Retail round up the Sunday papers
Wm Morrison plans to shake-up the UK baby products market by acquiring the "big box" stores being vacated by Best Buy and converting them into its Kiddicare brand. In its boldest move into non-food yet, the Yorkshire-based grocer is in advanced talks with electricals retailer Carphone Warehouse, which co-owns the Best Buy Europe chain, about taking on the sites. It is thought that all 11 Best Buy stores are under offer to Morrisons, although it could end up choosing only the best sites. The 11 sites, all of which are enormous "sheds" on out-of-town retail parks, are up for sale following Carphone Warehouse's decision late last year to pull its disastrous joint-venture with the American electrical goods giant, Best Buy.
Music retailer HMV will announce that it has seen like-for-like sales slide about 8pc during the Christmas period when it updates the market on trading on Monday. A bright spark amid continuing declines in music will be the jump in technology sales. More than 144 stores have been refitted to promote headphones and tablets, which have pushed technology like-for-like sales above 45pc growth in the five weeks to December 31. The trading update comes as Warner Music, Sony and private equity firm Exponent join a growing number of would-be buyers interested in HMV Live, which was put up for sale in December last year.
When Marc Bolland stands up to present Marks & Spencer's Christmas trading update on Tuesday, he may be forgiven if he takes a pristine handkerchief from his impeccable Autograph suit and wipes his brow in relief. He, like many fellow shopkeepers, appears to have escaped the catastrophe that was predicted by some high street watchers. Father Christmas arrived in the nick of time and filled – if sparingly – retailers' stockings. Analysts believe M&S will post good food figures and that its non-food sales might have fallen by no more than 2.5pc compared with last year. Some are predicting its clothing sales might even be steady with last year.
The UK's largest free-range egg farm has shelved plans to expand its £45m turnover business because of the row over egg production within the European Union. John Campbell, head of Glenrath Farms, said the UK will be flooded with unauthorised imported eggs unless the Department for Environment, Food and Rural Affairs (Defra) changes its stance on the enforcement of free-range rules introduced last week. The price of eggs could "crash" it is feared.
Mail on Sunday
A surge of Christmas trading announcements this week are expected to pinpoint the retailers that have failed to keep pace with online shopping. The City is braced for reports of a bleak midwinter on the High Street after consumers bought gifts on the internet rather than endure the crowds in shops. Britain has become one of the fastest-growing internet shopping markets in Europe with about ten per cent of the country’s annual £300billion retail sales going online.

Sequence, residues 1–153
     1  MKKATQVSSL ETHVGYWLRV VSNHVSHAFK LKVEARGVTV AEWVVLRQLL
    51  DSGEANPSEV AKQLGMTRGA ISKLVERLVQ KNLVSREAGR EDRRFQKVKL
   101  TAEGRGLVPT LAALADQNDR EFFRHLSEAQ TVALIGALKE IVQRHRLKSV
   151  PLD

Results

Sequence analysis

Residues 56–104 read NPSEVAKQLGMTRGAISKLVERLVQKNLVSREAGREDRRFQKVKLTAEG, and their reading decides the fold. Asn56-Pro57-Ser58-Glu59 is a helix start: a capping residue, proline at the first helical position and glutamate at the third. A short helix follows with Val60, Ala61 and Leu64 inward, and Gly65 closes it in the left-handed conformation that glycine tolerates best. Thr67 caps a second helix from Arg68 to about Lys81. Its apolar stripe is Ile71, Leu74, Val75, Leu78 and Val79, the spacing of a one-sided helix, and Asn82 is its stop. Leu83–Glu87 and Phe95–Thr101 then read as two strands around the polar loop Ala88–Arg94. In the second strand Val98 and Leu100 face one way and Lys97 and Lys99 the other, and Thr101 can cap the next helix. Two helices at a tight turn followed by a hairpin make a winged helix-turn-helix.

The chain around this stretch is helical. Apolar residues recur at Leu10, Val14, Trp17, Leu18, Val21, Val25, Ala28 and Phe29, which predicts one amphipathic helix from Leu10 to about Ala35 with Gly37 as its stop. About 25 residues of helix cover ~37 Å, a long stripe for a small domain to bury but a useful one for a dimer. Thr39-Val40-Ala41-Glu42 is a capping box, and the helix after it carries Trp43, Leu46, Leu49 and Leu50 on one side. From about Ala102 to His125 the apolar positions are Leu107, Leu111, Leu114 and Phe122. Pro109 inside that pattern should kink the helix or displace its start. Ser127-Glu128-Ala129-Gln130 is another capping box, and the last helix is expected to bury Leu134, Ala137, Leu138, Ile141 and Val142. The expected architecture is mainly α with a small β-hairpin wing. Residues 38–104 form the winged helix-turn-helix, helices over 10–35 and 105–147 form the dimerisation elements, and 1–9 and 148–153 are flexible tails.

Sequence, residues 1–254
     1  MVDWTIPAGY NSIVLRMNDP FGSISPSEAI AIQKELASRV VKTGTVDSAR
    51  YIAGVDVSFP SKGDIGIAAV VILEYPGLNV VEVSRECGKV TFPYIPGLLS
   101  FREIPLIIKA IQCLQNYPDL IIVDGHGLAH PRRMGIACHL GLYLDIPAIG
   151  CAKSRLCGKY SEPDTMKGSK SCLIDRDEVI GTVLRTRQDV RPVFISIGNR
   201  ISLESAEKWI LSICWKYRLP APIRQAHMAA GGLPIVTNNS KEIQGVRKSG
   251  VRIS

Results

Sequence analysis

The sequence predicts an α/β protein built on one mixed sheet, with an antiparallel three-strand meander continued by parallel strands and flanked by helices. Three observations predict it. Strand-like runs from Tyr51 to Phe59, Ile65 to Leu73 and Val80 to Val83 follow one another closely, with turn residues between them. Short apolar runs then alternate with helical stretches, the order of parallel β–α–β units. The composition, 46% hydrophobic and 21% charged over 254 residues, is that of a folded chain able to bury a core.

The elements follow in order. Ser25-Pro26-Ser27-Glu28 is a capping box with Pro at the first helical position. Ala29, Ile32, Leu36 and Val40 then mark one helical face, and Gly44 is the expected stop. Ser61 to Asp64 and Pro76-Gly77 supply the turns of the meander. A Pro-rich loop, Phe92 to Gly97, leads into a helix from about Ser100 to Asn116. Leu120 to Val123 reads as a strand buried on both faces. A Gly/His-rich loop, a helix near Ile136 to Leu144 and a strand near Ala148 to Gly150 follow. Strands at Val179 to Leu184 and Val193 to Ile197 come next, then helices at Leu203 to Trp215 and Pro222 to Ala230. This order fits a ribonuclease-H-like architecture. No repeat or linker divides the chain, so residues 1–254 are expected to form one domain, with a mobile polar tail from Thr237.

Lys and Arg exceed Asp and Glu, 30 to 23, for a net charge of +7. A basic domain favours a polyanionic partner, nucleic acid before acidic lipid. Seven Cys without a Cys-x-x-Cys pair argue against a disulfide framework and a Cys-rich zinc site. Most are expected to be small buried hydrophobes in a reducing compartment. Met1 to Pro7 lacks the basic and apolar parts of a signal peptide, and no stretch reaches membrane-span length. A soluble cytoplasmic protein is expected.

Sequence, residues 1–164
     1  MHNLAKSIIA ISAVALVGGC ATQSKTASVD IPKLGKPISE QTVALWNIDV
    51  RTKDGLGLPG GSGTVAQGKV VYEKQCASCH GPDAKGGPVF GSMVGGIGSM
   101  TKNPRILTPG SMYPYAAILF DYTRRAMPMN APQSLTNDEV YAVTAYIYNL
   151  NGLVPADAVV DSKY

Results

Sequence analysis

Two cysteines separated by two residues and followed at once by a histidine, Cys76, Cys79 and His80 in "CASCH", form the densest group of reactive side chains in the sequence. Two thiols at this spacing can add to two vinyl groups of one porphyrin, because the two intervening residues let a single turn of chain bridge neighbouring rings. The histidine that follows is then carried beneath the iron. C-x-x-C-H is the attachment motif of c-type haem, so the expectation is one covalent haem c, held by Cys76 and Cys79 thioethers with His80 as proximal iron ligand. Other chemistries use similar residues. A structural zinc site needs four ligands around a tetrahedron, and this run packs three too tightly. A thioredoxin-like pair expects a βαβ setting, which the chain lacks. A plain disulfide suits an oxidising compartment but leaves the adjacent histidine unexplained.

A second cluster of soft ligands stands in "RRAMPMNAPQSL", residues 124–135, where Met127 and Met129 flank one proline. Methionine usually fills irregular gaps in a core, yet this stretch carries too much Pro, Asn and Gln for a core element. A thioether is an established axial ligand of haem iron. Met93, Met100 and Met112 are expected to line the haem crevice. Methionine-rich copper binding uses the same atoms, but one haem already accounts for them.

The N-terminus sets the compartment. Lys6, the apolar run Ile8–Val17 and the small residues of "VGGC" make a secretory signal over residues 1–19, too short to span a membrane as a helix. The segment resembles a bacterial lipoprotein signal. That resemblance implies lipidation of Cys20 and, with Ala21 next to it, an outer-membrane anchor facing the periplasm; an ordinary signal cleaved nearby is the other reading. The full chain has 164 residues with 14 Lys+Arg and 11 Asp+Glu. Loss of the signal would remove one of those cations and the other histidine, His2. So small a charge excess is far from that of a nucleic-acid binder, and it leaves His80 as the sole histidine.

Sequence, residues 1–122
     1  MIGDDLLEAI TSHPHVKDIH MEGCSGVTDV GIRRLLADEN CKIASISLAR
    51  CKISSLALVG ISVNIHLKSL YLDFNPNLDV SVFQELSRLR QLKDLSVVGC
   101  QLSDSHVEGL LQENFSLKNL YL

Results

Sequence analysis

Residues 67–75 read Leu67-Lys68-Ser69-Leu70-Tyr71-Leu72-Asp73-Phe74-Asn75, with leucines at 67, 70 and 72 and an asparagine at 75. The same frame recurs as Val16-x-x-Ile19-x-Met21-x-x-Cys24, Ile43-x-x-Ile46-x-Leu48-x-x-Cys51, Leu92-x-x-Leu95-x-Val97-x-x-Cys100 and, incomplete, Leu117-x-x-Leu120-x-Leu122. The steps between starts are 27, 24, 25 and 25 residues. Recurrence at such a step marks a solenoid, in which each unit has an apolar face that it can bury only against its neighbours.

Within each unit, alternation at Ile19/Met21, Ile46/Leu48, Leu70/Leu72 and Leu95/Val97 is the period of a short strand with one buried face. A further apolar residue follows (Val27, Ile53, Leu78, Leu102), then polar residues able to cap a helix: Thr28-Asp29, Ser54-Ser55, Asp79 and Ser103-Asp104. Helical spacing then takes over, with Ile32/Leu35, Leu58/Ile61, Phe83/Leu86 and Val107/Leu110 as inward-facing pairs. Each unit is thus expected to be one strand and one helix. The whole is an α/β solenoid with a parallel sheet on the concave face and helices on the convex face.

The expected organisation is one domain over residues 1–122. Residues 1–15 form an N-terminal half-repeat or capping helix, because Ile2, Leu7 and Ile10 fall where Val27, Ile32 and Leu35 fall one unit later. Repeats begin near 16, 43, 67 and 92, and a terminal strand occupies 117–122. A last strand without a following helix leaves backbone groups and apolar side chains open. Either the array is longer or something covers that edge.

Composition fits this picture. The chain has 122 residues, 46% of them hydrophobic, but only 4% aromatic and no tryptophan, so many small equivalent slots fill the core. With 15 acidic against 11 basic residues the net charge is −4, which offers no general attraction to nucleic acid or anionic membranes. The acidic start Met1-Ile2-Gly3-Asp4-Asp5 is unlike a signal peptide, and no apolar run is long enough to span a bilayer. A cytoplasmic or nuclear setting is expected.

Editor’s note: Don’t miss the Retail Bulletin’s Multichannel Retailing Summit 1st February 2012. Click here for details and registration.
Lloyds is set to restart the £25million sale of hardware store Robert Dyas, putting out a prospectus for potential buyers within weeks. The bank delayed the sale last October so buyers could evaluate how the High Street chain performed over Christmas. Like-for-like sales, including VAT, rose 7.4 per cent in the four weeks to December 24, the company said on Friday.
Online beauty retailer feelunique.com increased sales by 50 per cent last month despite holding off its Christmas sale until Boxing Day. Chief executive Aaron Chatterley said there was a ‘huge amount of discounting’ in the fragrances and beauty market, particularly among department stores. But he said the Jersey-based site resisted matching cuts, which would discredit it in the eyes of desirable labels that do not like to see their products discounted. Brands include Burberry, Bulgari and Elizabeth Arden.
Peacocks, the budget fashion retailer, is poised to offload its Bonmarché womenswear chain as part of a radical restructuring. The company is expected to sell Bonmarché in the coming weeks. The chain, aimed at older women, has nearly 400 stores and 4,000 employees.
As unemployment rises and austerity bites, more families are turning to rent-to-own companies that offer credit to buy household goods — washing machines, TVs, fridges — for those who cannot get it elsewhere. They charge dearly for the service. With extras such as insurance charges and interest rates as high as 49%, a £300 fridge freezer can end up costing nearly £1,100.
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